Wednesday, June 14, 2006

[ ? ] is the last refuge of [ ? ]

This Sunday's Times had a full magazine article on a topic dear to my.. our, dear reader... heart(s), entitled:  The last refuge , to which I could not resist a reply:

[ ? ] is the last refuge of [ ? ] Re:  The last refuge [I'll let you fill in the blanks - my suggestion is 'Procrastination is the last refuge of the last person to apply for the job of Titanic deckchair mover'

"Thank you, Bryan Appleyard, for a clear, if chilling (no pun intended) outline of the issues that confront us, though in an otherwise excellent summary I would say a bit more than a tilt to Prof Lovelock's thoughts on the issue of population could have been worth factoring into those Sandalesque restorative or Nukist techno-solutions. People are consumers. Consumers cause pollution. Pollution causes climate change (or at least doesn't help much). Climate change reduces still further the ability of the planet to sustain life. Ergo..? 

So 'we' need to change. But one additional problem I might suggest is the fact that there is a rather large, and still somewhat disenfranchised collection of folk (to which we happily claim membership, and have deemed our light green PALs, for 'public at large'). We see ourselves caught in an uncomfortable no man's land watching the mighty artillery exchanges of Green Elite Nukes and Sandals (plus a few from the 'not-us, too-late, I'd like to stay elected or next-generation-to-miners' getting thrown in) sailing overhead, and are pretty much stuck where we are while all this rages around us.

But let us not forget that there are many small things we can do, are in many cases doing and which cumulatively do make a difference. But as inhabitants of a consumerist society, it is odd that so few target the powerful motivations that lie behind tangible, if selfish, reward-based end benefit."

I would like to have delved deeper and discussed more, but this would have made it even less likely to be published than its already slim hope.

It was a good article, though. I learned a lot. 

The bit on biodiesel has added to my misgivings. The little known facts about the consequences our dietary preferences (carnivore - well established. Lettuce - I didn't appreciate that 'til now!) highlight the main issue of what we are prepared, or will need to be forced to give up. And by whom.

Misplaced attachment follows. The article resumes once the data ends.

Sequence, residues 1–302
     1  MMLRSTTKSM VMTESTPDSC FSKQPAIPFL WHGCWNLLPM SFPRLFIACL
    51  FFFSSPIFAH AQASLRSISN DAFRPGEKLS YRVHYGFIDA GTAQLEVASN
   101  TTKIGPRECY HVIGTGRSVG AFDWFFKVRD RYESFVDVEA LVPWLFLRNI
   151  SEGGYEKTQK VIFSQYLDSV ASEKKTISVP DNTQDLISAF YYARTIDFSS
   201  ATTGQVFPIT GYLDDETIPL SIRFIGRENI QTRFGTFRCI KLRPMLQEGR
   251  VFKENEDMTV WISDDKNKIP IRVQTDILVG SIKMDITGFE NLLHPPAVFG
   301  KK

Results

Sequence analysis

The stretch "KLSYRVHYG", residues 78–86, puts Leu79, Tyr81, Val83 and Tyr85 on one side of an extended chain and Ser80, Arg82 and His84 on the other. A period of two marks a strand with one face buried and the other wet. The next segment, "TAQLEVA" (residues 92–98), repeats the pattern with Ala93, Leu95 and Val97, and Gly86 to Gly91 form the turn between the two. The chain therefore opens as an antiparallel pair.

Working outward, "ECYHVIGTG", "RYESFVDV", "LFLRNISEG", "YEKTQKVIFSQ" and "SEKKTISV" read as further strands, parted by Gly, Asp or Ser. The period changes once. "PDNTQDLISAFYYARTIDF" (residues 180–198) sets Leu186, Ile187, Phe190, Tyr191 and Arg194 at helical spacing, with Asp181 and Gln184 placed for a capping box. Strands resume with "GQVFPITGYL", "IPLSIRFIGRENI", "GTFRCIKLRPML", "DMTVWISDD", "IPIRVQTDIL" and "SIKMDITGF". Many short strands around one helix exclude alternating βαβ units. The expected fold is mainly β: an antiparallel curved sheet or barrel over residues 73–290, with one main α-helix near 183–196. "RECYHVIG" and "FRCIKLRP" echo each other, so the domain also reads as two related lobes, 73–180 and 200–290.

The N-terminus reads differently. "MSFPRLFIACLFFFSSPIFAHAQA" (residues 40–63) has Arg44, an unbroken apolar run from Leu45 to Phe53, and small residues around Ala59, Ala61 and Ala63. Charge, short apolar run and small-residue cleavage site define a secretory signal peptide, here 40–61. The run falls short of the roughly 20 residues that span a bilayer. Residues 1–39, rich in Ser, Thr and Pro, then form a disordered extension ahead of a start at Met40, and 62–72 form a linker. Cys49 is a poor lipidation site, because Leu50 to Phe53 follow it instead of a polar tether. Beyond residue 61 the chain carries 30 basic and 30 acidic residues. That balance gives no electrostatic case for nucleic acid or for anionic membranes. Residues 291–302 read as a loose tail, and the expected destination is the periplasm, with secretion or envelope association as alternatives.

There's the rub. I rather like being in the country. Can I stay here if I don't eat salads on EasyJet?

Where there's blame there's a flame

Saw this Reid blames everyone except himself in the Telegraph, and couldn't resist a reply:

"I have lost my job a lot. Seldom for not being very good at it.
So I’d be interested to know when, lately, anyone... anywhere... has actually been identified, much less fired (and in anything other than highly favourable financial, or at least secured ongoing career circumstances) in government (ok, big business too) service, other than a few recent ministers whose failings were so grotesque and monumental as to be a serious threat to those working alongside them (their party, fellow MPs and ministers), as opposed to those who paid/pay them to serve (the people).
Everyone makes mistakes. The notion that you should be allowed to keep on making them ad infinitum is a joke.
The pendulum has swung. It was once unacceptable in how cavalier a manner a good worker could be treated by superior whim, but now it is equally unacceptable that those who are not up to the job get to stay in it, much less rewarded during and after for fouling up.
Trouble is, now that so many ‘protections’ are enshrined in law and/or supported old boy’s network practices, I don’t see how we can ever get back to a fair and sensible system where the right person for the job is hired, supported in doing it, rewarded for doing well (and I include here the undoubted majority of talanated, hard-working civil servants) ... and dealt with appropriately if they are not. It’s like snakes and ladders, with two snakes colludingto take each other up (and stay there), as ladders are now too unsafe to use. No mechanism for redress of course.
I’ll use my vote all right. But its consequences cannot and hence will not be tied to Mr. Reid’s recent nonsense or the backside covering result of some mid-level servant using my money to dig a colleague out of a hole, which in real life should land both at the job centre.
And as they all know they are immune from the consequences of their actions (other than a bit of embarrassment), they will keep on making a pig’s ear of it all.
At least Mr. Reid has floated the possibility of taking responsibility for authority so greedily grabbed and imposed. But as you point out, he does not seem to believe that it could actually apply to him, so why should any below think any different?"

A Corny Tale

More (mis)adventures from this 'greenifIcan' novice. Having
successfully bought a lovely slab of Gloucester Old Spot at the
butchers, I decided to give the veg section of the supermarket a miss
in favour of the local greengrocers.

In the aforementioned supermarket, the ears of corn are trimmed, on
display in their very own tray with plastic wrapping, and usually
originate in the USA. Not optimal environmentally, but what you see
is what you eat.

Not sure where the local stuff came from, but it was in its own
wrapper. So far, so super.

What was not was the potential (I ended up dealing with it) 50%
wastage with none in the family too keen on the one that had Mother
Nature's very own genetic modifications.